Kay Ryan

National Humanities Medal


Pulitzer Prize winner and MacArthur Fellow Kay Ryan—the Library of Congress’s sixteenth Poet Laureate Consultant in Poetry, from 2008 to 2010—is, for all that, a literary outsider who taught remedial English skills for more than thirty years at a community college in California. Her work is accessible and witty, marked by mordant humor and word play, but with serious intent and long-lasting impact on readers. “I want something to get done in a poem,” she said recently in a telephone interview. “I want to know something I didn’t know.”

Her use of what she has termed recombinant rhyme is one of her defining characteristics. Her tightly woven verse (lines are sometimes no more than two or three syllables) can ponder a philosophical conundrum, crystallize an irony, or hold up for brief yet piercing examination the opposing poles of a contradiction. Poet and editor J. D. McClatchy has said of Ryan’s work, “Her poems are compact, exhilarating, strange affairs, like Satie miniatures or Cornell boxes.” Among Ryan’s awards and prizes are a Guggenheim Fellowship in 2004; the Ruth Lilly Poetry Prize, also in 2004, honoring a “living U.S. poet whose lifetime accomplishments warrant extraordinary recognition”; and anIngram Merrill Award, which was founded by American poet James Merrill in 1956.


Ryan, born in San Jose, California, in 1945, grew up in towns in the San Joaquin Valley and the Mojave Desert, where she was something of a class clown and from childhood had a “rapaciousness for language.” Her father worked as a ranch hand, an oil driller, and a prospector on a chromium claim. He died when Ryan was nineteen, prompting “After Zeno,” an unsentimental meditation on lives that overlap until the day when suddenly, they no longer do. The four-stanza poem begins, “When he was / I was. / But I still am / And he is still.” After positing questions about time and plurality, the poem—her first—concludes, “There’s no sense / In past tense.” After two years at Antelope Valley College, she went on to earn a BA and an MA in English at UCLA.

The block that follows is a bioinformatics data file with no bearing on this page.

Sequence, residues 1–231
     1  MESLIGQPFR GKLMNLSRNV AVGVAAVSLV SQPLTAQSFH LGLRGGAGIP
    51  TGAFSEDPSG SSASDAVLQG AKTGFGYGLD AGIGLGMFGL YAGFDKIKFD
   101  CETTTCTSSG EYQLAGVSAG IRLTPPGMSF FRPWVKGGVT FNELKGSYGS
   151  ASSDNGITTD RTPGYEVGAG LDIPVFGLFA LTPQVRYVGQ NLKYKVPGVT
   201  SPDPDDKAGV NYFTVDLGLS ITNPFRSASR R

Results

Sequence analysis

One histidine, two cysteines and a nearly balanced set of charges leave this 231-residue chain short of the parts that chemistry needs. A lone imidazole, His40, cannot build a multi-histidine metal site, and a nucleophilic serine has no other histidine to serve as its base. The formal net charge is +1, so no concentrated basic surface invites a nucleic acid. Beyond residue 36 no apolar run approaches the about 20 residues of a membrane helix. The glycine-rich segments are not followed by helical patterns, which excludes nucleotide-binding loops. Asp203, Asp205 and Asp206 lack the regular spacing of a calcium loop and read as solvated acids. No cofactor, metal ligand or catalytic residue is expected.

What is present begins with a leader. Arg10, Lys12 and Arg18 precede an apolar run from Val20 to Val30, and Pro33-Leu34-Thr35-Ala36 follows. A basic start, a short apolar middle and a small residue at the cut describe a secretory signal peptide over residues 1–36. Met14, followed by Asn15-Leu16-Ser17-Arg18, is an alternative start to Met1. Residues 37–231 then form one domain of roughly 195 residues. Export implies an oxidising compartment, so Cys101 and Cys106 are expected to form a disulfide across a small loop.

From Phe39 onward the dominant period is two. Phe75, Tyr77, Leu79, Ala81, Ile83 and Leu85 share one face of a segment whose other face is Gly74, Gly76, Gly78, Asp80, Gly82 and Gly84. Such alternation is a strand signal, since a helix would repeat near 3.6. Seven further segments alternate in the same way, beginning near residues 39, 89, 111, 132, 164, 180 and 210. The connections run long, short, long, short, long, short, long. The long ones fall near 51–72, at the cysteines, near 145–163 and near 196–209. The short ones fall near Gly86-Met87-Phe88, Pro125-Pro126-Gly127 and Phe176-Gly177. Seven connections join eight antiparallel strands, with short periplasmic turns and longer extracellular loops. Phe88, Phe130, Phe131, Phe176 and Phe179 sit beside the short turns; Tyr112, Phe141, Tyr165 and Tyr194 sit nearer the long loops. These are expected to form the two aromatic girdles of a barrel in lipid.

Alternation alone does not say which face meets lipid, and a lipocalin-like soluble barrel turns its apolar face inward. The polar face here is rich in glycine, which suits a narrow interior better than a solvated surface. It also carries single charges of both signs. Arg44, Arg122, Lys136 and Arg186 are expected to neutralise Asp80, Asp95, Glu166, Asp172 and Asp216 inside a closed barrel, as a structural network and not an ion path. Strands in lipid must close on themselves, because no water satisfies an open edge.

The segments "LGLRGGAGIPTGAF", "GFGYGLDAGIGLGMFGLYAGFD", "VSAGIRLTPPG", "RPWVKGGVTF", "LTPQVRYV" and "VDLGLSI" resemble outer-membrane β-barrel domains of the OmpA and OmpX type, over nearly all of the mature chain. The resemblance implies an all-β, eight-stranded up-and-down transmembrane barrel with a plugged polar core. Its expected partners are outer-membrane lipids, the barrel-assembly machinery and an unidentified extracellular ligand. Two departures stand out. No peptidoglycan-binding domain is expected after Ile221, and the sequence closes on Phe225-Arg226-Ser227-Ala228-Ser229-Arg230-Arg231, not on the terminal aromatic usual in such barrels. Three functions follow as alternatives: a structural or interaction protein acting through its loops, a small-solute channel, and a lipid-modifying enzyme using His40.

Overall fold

In 1977, she met her partner, Carol Adair, who was always the first reader of her poems. Adair, who taught for twenty-some years as well at the College of Marin, died of cancer in 2009, while Ryan was serving as poetry consultant. Ryan honored Adair and community college teachers in general as part of her official functions at the Library of Congress. After having two books published by the small press Copper Beech, Ryan took advantage of a favorable review by Yale Younger Poet George Bradley to put together, at his suggestion, a manuscript for Grove Press, which she did from a backlog of poems she had been trying to get published by a New York house for decades. Grove has published all of her books since.

In the poem “Chop,” Ryan’s deft use of unlikely comparisons, recombinant rhyme, and strong image conspire to achieve maximum effect. “The bird / walks down / the beach along / the glazed edge / the last wave / reached,” it begins, with a scene, Ryan knows, every reader can easily imagine. “Beach,” in a near rhyme with “reached,” binds the image together through sounds but not in the expected end-rhyme pattern. “His / each step,” the poem continues, “makes / a perfect stamp— / smallish, but as / sharp as an / emperor ’s chop.” The originality of the comparison and the powerful image it creates set up what for the imperious bird is the sad irony of the conclusion: “Stride, Stride, / goes the emperor / down his wide / mirrored promenade / the sea bows / to repolish.”

Surprisingly, Ryan says she reads little poetry, fiction, or history, opting instead for the “belle lettrists,”—essays on literature by Italo Calvino, Milan Kundera, Vladimir Nabokov, and Joseph Brodsky. She prefers not to read fellow poets because, as she slyly puts it, “Like eucalyptus trees, they poison the soil beneath them so nothing else can grow there.” Ryan has other reading tics. She doesn’t like electronic reading devices, she chuckles, because she feels compelled to physically deface a book by taking notes in the margins.

And the future of poetry? “It will change platforms maybe, but I don’t worry about poetry or people reading poetry. It will survive because it’s pleasurable and is the most expedient method for certain kinds of exchange.”

— by Steve Moyer

About the National Humanities Medal

The National Humanities Medal, inaugurated in 1997, honors individuals or groups whose work has deepened the nation's understanding of the humanities and broadened our citizens' engagement with history, literature, languages, philosophy, and other humanities subjects. Up to 12 medals can be awarded each year.